Benefits of Solar Energy
Why Is Solar Energy Important?
Solar energy systems have very little impact on the environment, making them one of the cleanest power-generating technologies available today. While they are converting the sun's rays into electricity or hot fluids, they produce no air pollution, hazardous waste, or noise. The more electricity and heat that we convert from the sun's rays decreases our reliance and dependence on fossil fuels and on imported sources of energy. Finally, solar energy can be an effective economic development driver. The U.S. PV market increased by 57 % in 2007, to 220 MW (Solarbuzz). In 2006, the cumulative installed PV power in the U.S. was 624 MW (IEA Photovoltaic Power Systems Programme). The Energy Information Administration forecasts the long-term growth of PV in the U.S. to reach nearly 3,000 MW by 2030, not including off-grid installations. The PV industry generated over $17 billion in global revenues in 2007 and worldwide PV installations increased to 2,826 MW in 2007, up from 1,744 MW installed during 2006 (Solarbuzz). Global cumulative PV capacity in 2006 reached 6,634 MW (EPIA).
Why are States Investing in Solar?
Many states have come to recognize that clean energy technologies can provide cleaner air, economic development and high tech jobs, fuel diversity, energy independence, improve power reliability, increase price stability, and reduce the need to build more expensive and more polluting electric power generation plants. Solar technologies are able to provide these benefits, but they currently cost more in terms of $ per kWh than conventional power from utilities. The biggest barrier to consumers interested in adopting PV or solar technologies is the initial cost of a PV or solar hot water system. As a way to help defray those upfront costs, states are providing incentives to residential, industrial and commercial customers of PV through tax credits, grants, loans, rebates, exemption from local property taxes, and other industry support mechanisms, such as installer training and certification programs.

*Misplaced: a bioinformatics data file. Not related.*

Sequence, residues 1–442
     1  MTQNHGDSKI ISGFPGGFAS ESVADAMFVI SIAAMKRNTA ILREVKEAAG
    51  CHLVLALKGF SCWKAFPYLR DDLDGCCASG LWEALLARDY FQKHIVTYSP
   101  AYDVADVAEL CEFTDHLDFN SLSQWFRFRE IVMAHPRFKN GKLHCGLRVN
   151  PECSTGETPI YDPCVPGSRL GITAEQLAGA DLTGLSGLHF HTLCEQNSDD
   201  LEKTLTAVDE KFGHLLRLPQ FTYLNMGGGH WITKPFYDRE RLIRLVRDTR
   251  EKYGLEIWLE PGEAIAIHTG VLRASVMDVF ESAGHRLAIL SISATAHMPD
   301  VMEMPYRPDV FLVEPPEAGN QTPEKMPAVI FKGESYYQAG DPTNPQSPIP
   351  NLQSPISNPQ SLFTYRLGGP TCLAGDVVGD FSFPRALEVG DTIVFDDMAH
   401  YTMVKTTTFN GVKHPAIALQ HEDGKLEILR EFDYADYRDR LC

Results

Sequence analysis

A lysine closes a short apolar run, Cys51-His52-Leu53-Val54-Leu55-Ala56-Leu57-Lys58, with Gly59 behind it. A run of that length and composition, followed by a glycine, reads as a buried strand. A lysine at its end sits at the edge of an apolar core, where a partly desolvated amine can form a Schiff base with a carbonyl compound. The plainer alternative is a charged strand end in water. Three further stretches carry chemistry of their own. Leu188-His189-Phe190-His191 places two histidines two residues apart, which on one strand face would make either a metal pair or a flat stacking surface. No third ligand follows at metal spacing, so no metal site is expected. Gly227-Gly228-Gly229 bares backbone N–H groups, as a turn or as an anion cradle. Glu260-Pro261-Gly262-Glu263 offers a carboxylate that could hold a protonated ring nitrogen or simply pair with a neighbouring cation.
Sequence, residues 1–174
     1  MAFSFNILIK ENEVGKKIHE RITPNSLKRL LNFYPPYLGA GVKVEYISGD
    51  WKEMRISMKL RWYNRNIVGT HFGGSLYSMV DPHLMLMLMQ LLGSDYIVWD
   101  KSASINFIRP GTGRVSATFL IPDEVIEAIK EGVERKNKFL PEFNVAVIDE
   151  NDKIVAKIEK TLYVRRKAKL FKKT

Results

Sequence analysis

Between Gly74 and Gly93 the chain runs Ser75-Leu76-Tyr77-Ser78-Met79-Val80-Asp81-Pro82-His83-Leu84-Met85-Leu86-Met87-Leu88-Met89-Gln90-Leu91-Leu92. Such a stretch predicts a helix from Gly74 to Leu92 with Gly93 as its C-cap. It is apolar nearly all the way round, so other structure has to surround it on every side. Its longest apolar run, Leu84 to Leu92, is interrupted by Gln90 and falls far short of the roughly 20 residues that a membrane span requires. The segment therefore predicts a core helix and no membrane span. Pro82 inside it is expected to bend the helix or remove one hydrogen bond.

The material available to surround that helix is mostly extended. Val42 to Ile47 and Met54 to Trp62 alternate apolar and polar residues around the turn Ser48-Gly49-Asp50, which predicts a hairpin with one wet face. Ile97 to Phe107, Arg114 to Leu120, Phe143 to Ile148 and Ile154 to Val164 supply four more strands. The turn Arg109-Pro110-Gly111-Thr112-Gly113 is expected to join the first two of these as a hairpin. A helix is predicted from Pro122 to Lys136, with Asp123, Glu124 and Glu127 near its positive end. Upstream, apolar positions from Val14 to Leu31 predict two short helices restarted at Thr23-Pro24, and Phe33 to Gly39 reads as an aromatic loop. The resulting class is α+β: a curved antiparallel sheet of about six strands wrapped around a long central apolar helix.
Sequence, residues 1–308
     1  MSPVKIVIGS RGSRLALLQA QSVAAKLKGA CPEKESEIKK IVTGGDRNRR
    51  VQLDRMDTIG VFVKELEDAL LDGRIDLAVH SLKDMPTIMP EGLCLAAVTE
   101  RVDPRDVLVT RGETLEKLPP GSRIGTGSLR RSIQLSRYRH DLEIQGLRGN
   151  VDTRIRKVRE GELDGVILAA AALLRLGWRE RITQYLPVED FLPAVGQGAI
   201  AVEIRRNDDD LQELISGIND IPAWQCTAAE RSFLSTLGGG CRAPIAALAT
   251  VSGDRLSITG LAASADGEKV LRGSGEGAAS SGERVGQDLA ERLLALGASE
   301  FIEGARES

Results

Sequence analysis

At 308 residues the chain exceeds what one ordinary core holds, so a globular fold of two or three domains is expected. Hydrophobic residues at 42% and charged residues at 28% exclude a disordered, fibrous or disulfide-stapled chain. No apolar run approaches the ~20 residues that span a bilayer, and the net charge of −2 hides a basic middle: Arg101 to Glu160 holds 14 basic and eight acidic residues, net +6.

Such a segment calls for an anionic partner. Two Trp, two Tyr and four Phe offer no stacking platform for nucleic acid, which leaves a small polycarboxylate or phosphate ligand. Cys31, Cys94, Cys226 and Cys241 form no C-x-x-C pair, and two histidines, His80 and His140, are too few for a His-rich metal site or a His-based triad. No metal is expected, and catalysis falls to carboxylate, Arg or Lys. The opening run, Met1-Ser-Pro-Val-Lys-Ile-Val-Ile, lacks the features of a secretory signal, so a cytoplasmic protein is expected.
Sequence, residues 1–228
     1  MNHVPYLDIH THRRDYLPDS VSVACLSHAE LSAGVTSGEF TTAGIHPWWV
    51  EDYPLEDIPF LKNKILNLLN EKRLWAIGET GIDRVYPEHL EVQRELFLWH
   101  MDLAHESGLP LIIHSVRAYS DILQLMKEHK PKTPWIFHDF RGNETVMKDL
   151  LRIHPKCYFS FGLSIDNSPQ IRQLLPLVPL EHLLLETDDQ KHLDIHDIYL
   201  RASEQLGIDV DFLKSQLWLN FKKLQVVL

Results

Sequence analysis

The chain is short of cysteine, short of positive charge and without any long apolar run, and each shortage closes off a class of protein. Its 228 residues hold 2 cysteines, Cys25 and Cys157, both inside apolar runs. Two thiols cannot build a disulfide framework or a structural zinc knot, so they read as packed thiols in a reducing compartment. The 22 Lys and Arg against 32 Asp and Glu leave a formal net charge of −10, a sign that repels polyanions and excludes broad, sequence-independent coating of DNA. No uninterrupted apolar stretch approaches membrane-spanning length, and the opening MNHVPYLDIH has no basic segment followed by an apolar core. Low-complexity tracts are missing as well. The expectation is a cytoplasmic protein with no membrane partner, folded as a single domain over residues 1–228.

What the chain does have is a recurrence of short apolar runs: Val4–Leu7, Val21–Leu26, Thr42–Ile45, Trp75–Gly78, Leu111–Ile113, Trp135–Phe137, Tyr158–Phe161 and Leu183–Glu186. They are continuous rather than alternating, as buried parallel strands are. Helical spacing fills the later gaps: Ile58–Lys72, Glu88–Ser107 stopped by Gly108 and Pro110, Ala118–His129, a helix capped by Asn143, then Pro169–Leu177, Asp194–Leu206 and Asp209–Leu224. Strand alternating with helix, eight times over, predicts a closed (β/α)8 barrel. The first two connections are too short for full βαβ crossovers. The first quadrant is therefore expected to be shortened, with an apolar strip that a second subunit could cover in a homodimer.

What Can Solar Do For You?
Photovoltaic (PV) power systems convert sunlight directly into electricity. A residential PV power system enables a homeowner to generate some or all of their daily electrical energy demand on their own roof, exchanging daytime excess power for future energy needs (i.e. night time usage). The house remains connected to the electric utility at all times, so any power needed above what the solar system can produce is simply drawn from the electric utility. Solar energy technologies can plan an important role in providing an alternative source of electricity, energy, and back-up power for homes, offices, commercial and industrial buildings. It can relieve demand pressures for electricity off from the grid during peak usage, which usually correlates to peak daylight, especially in the warmer months when demand for air conditioning can sky rocket.